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British Pound 'Breakout' Looms with Markets Eyeing Crucial Parliamentary Vote Midweek

May before parliament

Image © European Union.

- Pound sees volatile trade at start of new week

- But, ultimately respects recent ranges

- Potential 'breakout' looms on midweek parliamentary votes

Pound Sterling has seen a volatile start to the new week with gains turning into losses, with the moves ultimately reversing. The currency is therefore in a consolidative mode against the Euro, Dollar and other major currencies as traders await the outcome of a series of key votes due in the UK parliament this week that could ultimately result in a delay to Brexit.

Against, the Dollar, the Pound is broadly unchanged on the day with the exchange rate quoted at 1.3068. The Pound-to-Euro exchange rate - which gives us a better feel for Brexit-related sentiment - is meanwhile quoted at 1.1520 at the start of the new week, if we look at the below chart we can see the pair has been more-or-less unchanged for four consecutive days of trading now which tells us something about the state of the market.

Pound to Euro exchange rate

Above: Sterling is consolidating ahead of potential bigger moves, leading us to try and assess the potential triggers.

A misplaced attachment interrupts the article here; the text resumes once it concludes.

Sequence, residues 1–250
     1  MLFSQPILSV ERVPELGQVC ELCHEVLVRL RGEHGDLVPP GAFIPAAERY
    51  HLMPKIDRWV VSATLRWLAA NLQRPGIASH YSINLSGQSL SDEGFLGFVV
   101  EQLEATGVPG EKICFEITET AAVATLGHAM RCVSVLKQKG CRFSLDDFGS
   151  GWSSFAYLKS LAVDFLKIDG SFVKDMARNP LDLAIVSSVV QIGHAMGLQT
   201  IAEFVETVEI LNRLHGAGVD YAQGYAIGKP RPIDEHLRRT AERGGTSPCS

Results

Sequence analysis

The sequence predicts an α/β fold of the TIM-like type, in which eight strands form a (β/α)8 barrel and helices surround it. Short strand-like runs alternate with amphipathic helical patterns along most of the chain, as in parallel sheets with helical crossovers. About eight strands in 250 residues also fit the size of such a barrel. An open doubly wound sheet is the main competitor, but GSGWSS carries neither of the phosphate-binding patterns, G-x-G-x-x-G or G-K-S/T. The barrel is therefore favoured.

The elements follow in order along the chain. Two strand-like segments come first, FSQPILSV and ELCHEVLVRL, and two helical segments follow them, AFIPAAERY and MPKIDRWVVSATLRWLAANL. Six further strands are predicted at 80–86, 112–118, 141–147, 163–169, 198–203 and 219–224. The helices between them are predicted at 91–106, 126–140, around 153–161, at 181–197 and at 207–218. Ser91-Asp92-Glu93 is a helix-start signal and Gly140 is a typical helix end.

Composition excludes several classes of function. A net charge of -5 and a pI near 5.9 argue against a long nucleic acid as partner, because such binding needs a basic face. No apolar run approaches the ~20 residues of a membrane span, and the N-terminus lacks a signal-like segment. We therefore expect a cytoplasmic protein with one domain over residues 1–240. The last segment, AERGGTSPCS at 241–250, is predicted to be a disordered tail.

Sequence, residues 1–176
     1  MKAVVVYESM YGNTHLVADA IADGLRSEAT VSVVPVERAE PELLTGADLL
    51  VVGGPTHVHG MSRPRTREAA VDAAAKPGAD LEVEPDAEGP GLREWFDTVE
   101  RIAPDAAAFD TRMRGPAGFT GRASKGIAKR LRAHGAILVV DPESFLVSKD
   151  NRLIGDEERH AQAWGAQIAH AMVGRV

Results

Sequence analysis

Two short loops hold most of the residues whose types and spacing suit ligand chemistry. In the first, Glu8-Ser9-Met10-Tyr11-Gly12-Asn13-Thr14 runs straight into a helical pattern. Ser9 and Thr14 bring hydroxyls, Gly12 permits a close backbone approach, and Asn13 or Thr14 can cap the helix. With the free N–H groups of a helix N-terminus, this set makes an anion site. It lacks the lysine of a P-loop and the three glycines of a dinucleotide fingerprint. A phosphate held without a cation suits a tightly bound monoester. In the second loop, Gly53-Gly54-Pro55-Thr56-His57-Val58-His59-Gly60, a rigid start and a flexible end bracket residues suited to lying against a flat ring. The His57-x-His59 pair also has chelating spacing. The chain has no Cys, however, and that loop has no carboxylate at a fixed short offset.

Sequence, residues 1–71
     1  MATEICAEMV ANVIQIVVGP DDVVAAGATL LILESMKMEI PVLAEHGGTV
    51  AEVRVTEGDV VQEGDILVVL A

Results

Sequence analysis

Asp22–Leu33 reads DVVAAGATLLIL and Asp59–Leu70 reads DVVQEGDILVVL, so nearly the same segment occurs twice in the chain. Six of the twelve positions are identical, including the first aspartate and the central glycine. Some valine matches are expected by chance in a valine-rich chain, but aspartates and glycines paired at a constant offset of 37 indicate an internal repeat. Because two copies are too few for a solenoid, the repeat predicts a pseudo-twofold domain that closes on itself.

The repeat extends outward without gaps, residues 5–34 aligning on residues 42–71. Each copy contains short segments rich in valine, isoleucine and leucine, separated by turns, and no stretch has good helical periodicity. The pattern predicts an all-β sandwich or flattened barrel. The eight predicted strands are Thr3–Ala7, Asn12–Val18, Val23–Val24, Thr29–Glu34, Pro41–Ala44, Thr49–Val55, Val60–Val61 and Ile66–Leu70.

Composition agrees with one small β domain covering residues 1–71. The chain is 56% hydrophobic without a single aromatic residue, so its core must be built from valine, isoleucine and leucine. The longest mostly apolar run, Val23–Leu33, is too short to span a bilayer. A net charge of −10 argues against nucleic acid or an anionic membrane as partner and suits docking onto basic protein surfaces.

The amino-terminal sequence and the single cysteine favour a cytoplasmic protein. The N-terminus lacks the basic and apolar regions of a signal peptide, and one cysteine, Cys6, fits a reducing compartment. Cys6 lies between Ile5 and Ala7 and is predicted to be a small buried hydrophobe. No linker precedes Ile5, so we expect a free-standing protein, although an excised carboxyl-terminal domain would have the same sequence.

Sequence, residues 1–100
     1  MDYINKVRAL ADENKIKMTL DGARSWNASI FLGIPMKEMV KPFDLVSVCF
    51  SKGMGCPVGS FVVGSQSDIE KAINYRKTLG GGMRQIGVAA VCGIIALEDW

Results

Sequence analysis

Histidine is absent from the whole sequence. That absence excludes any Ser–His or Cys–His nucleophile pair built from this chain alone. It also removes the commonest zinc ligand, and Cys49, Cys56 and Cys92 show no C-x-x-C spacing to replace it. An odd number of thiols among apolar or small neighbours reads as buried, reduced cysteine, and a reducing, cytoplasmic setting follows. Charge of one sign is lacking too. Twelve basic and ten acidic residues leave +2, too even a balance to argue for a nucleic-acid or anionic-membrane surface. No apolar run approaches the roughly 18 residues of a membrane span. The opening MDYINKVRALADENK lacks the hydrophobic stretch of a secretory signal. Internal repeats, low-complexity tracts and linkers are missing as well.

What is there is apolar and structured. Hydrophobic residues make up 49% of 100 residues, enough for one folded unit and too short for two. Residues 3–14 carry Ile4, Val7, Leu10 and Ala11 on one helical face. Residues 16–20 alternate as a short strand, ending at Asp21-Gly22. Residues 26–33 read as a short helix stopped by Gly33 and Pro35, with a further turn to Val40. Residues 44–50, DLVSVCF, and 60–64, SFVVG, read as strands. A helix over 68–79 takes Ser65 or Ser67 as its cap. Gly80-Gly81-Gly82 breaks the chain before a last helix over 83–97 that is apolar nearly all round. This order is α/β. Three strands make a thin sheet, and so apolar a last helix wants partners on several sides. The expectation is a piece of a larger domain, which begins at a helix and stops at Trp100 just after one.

This consolidation indicates a market that is awaiting potentially significant events which could trigger substantial moves, either higher or lower. This phenomenon is typically referred to as a 'breakout' and can often lead to more sustained directional moves in a currency pair.

Sterling's consolidation is entirely understandable considering this week sees UK parliamentarians vote on the government's current Brexit strategy when it puts to parliament an amendable motion. The amendable motion is not binding on the government, therefore the government can continue as it wishes regardless of whether or not it wins the vote.

However, parliamentarians will be able to put forward amendments which could potentially force the government into a change of direction on Brexit if they are successfully vote through.

Any amendment that could delay Brexit and potentially eliminate a 'no deal' Brexit could be significant for the Pound and result in upside.

"To delay Brexit or not to delay Brexit’, that appears to be the key question for UK politicians and for Sterling traders at the start of yet another ‘key’ week in the Brexit saga," says Austin Hughes, analyst with KBC Markets. "Of late, Sterling performed rather strongly as investors assumed that both the EU and the UK would do everything to avoid a no-deal Brexit at the end of March. A delay was and still is one of the options to avoid such a no-deal scenario."

The House of Commons will vote again on the Brexit deal on Weds after a statement updating MPs on Tuesday.

Prime Minister Theresa May on Sunday ruled out bringing a final "meaningful vote", but promised to do so by March 12.

"So this will be another advisory vote, with attention squarely on the amendments tabled by backbenchers. In particular, the so-called Cooper amendment seeks to force a Brexit delay on the government in the event of no deal being reached by March 13," says Sue Trinh, a foreign exchange strategist with RBC Capital Markets.

Trinh says this amendment is more likely to pass than was the case in January when a similar amendment was rejected by MPs who were willing to give the government another shot at negotiating a better deal.

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While the passing of anything that prevents a 'no deal' Brexit is positive for Sterling, there are potential snags to consider.